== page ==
- Abstract: Reicher and Haslam’s (2006) BBC prison study undermines the idea that people passively accept and enact social roles. In this commentary, I point out that this idea is an example of Moscovici’s (1976) conformity bias and a wider stability bias in social psychological theorizing. In many key areas, the science prefers analyses that explain how and why social structures, intergroup and power relations, personalities and beliefs maintain and reproduce themselves, and indeed cannot be changed, rather than how and why society constantly generates forces for social change from within itself. This bias distorts reality and produces ideas of limited theoretical or practical power. Human psychology does not make us prisoners of social structure. It makes us capable of collective action to change social structures and in turn re-fashion our identities, roles, personalities and beliefs. Society is not a psychological prison but a means of expanding human possibilities. A reorientation of theoretical emphasis is overdue.
Zimbardo, P. (2006).
On rethinking the psychology of tyranny: The BBC Prison Study. British Journal of Social Psychology, 45, 47–53.
- Abstract: This commentary offers a critical evaluation of the scientific legitimacy of research generated by television programming interests. It challenges the validity of claims advanced by these researchers regarding the Stanford Prison Experiment (SPE) and highlights the biases, fallacies and distortions in this study conducted for BBC-TV that attempted a partial replication of my earlier experiment.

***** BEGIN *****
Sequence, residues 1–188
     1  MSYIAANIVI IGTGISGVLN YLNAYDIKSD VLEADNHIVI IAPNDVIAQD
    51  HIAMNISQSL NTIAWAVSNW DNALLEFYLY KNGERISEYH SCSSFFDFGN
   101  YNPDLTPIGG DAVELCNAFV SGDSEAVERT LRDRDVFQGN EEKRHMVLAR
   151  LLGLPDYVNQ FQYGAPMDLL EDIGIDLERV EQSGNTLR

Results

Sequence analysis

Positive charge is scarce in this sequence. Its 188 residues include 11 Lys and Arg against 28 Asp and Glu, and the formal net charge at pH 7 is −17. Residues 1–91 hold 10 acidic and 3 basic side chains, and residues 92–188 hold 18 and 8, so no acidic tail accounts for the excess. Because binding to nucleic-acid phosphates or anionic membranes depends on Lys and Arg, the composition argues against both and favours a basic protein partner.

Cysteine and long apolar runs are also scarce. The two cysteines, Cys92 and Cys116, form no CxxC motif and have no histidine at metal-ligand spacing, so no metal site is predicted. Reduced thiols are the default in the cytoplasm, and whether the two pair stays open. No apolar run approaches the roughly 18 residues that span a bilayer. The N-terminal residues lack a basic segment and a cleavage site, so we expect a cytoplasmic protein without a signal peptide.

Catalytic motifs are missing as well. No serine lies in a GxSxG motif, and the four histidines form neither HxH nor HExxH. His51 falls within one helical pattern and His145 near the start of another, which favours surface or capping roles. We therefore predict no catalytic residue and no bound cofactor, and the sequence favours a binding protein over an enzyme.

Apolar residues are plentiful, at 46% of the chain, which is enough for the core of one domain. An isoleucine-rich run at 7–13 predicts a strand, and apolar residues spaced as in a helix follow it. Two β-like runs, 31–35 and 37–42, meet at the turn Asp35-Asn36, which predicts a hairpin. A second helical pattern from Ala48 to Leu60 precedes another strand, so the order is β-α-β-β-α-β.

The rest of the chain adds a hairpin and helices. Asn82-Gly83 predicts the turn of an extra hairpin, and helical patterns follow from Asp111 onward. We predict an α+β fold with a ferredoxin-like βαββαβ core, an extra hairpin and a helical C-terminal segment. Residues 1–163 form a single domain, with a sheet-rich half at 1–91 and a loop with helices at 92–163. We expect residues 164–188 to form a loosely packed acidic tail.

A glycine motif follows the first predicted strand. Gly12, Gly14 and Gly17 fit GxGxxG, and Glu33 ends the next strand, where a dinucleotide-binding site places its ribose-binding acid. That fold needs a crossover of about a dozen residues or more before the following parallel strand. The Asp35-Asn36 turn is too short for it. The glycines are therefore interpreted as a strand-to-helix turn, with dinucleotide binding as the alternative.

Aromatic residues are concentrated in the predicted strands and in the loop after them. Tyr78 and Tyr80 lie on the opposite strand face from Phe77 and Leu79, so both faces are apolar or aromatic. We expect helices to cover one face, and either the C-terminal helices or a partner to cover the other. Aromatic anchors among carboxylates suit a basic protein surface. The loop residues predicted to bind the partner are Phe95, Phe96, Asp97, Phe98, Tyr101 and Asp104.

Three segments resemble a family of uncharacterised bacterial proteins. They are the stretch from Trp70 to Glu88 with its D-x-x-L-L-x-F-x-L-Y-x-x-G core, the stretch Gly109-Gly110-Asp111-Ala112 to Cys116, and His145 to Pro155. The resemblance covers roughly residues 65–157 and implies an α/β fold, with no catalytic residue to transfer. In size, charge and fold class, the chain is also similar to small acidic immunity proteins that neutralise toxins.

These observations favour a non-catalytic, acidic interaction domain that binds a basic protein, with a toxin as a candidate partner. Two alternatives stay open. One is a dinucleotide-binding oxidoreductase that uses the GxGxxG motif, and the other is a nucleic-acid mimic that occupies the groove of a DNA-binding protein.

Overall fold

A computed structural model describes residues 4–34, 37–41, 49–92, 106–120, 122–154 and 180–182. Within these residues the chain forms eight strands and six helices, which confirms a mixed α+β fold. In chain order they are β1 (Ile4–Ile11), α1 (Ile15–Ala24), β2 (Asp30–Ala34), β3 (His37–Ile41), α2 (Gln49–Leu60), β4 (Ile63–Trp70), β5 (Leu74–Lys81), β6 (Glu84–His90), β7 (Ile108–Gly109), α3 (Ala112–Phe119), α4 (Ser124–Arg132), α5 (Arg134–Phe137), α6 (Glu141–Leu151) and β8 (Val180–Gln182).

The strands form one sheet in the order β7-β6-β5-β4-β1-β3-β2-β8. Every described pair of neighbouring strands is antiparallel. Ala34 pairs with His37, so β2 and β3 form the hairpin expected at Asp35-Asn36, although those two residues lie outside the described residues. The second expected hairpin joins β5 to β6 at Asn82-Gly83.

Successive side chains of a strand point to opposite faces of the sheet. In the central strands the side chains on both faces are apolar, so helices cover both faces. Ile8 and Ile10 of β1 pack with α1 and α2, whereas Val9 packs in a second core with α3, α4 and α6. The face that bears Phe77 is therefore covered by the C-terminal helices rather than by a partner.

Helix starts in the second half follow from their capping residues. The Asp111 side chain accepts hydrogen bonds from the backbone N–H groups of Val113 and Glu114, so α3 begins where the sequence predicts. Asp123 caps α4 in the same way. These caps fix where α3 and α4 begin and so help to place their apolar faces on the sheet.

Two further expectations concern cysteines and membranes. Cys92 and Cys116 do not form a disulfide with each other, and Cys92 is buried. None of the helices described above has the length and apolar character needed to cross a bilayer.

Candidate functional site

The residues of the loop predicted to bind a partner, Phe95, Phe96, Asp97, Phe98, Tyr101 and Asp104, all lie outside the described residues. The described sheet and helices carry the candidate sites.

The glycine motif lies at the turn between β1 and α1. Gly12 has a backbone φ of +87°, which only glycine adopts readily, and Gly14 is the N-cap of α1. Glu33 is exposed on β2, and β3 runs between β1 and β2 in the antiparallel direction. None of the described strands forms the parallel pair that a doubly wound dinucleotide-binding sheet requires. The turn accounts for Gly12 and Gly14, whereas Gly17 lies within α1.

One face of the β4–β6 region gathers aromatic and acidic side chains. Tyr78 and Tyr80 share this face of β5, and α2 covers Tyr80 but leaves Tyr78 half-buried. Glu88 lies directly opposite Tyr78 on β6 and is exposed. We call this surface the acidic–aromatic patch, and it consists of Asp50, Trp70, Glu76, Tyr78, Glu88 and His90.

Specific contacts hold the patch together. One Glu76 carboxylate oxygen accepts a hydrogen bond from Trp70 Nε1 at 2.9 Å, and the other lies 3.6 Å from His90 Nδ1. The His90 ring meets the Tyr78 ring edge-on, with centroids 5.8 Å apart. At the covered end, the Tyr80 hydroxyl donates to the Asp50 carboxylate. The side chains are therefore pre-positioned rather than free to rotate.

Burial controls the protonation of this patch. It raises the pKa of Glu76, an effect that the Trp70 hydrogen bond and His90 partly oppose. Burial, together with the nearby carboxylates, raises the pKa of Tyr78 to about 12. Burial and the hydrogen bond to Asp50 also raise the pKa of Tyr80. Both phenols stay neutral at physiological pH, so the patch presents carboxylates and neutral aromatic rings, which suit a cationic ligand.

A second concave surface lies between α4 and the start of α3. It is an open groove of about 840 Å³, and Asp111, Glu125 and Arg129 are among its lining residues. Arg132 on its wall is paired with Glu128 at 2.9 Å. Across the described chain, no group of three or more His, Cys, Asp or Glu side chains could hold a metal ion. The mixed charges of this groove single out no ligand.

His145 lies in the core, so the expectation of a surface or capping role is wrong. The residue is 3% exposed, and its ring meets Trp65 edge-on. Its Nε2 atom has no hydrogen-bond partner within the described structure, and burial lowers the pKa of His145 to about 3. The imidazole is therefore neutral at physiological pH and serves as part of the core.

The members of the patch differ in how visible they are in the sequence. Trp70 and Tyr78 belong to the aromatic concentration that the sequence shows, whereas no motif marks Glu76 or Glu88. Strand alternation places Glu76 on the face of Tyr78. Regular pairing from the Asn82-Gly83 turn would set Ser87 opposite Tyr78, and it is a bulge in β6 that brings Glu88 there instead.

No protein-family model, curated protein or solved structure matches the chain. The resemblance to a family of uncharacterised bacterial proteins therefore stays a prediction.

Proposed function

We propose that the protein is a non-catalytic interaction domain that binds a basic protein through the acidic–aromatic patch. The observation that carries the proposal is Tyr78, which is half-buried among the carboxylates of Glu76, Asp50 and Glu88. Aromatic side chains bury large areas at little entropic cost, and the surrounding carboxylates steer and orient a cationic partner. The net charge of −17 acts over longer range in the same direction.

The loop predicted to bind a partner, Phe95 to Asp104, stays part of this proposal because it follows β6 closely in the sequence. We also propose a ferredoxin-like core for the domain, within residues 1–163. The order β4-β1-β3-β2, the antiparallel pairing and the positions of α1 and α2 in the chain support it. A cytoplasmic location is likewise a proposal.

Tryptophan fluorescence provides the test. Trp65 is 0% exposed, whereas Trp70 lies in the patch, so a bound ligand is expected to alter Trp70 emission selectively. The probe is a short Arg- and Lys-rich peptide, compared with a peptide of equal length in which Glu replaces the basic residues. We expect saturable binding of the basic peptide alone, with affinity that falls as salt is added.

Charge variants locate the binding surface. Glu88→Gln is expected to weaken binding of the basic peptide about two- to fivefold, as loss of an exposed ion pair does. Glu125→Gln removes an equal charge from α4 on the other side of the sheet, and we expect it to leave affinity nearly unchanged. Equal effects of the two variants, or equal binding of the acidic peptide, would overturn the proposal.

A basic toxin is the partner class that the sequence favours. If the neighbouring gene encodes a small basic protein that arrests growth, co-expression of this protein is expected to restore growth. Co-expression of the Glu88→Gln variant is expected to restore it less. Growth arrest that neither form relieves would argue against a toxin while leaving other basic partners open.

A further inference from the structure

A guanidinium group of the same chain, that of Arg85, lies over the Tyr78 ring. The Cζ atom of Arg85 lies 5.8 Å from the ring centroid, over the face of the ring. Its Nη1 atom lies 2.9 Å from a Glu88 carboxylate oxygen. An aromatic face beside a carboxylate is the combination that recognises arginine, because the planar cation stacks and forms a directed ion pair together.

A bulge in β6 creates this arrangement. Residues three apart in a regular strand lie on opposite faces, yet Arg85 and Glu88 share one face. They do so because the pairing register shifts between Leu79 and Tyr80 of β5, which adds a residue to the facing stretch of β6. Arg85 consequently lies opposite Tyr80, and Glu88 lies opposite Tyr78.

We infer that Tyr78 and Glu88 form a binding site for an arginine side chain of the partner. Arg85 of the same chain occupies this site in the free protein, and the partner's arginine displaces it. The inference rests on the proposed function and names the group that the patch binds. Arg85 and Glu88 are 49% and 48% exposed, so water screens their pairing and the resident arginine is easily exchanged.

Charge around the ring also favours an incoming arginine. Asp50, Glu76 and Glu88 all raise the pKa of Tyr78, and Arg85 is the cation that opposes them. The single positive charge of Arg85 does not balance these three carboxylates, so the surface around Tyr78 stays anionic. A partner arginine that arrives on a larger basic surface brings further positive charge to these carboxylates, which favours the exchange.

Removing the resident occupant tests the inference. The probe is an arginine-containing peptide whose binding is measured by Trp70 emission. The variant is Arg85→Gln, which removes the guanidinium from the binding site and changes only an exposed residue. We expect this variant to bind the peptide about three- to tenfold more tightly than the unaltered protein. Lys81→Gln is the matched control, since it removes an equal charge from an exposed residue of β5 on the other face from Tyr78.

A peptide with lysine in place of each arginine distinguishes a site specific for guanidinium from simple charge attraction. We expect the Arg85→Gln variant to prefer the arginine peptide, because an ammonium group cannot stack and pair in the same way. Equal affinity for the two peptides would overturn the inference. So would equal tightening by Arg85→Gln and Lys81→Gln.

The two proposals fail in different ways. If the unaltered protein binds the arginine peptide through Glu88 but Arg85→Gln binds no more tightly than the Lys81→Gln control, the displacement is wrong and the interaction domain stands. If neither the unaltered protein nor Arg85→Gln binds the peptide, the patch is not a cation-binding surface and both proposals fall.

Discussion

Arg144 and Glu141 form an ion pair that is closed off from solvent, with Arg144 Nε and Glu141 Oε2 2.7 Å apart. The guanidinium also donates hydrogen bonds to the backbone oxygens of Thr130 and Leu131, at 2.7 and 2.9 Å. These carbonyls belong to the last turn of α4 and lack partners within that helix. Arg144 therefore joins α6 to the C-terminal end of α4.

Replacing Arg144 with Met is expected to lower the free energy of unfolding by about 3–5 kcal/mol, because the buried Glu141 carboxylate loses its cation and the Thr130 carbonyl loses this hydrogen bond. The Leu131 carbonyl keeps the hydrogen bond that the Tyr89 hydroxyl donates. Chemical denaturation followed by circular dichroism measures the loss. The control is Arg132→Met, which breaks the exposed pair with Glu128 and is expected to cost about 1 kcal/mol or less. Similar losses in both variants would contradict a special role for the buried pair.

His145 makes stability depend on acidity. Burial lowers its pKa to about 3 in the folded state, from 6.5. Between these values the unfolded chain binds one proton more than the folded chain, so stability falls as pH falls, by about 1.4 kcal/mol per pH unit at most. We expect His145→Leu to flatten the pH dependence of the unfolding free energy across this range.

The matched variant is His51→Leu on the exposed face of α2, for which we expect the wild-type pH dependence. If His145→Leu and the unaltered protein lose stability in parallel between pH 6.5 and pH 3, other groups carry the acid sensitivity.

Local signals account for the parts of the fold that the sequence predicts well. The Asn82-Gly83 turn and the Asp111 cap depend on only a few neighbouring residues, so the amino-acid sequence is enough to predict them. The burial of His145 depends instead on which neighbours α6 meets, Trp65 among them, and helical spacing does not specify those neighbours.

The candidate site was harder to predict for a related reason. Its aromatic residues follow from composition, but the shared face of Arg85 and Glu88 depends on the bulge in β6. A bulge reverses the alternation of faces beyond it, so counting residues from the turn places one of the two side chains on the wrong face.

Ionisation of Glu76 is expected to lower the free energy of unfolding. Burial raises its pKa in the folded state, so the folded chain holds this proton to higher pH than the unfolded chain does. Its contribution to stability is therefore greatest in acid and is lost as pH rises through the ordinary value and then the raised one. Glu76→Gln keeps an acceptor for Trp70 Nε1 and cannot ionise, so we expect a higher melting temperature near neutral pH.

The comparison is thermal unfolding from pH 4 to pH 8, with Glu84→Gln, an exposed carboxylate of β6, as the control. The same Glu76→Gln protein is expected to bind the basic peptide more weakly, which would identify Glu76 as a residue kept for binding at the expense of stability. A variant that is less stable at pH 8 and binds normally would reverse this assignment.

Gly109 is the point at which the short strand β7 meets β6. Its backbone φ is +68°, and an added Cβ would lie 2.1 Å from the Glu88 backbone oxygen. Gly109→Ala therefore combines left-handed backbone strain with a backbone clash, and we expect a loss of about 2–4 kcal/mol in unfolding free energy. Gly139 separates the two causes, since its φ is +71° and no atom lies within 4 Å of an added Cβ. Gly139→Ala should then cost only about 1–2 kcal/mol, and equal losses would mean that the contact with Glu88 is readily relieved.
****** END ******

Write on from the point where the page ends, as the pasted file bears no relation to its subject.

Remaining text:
- Abstract: In this rejoinder we concentrate on responding to Zimbardo’s criticisms. These criticisms involve three broad strategies. The first is to turn broad discussion about the psychology of tyranny into narrow questions about the replication of prison conditions. The second is to confuse our scientific analysis with the television programmes of ‘The Experiment’. The third is to make unsupported and unwarranted attacks on our integrity. All three lines of attack are flawed and distract from the important theoretical challenge of understanding when people act to reproduce social inequalities and when they act to challenge them. This is the challenge that Turner identifies and engages with in his commentary.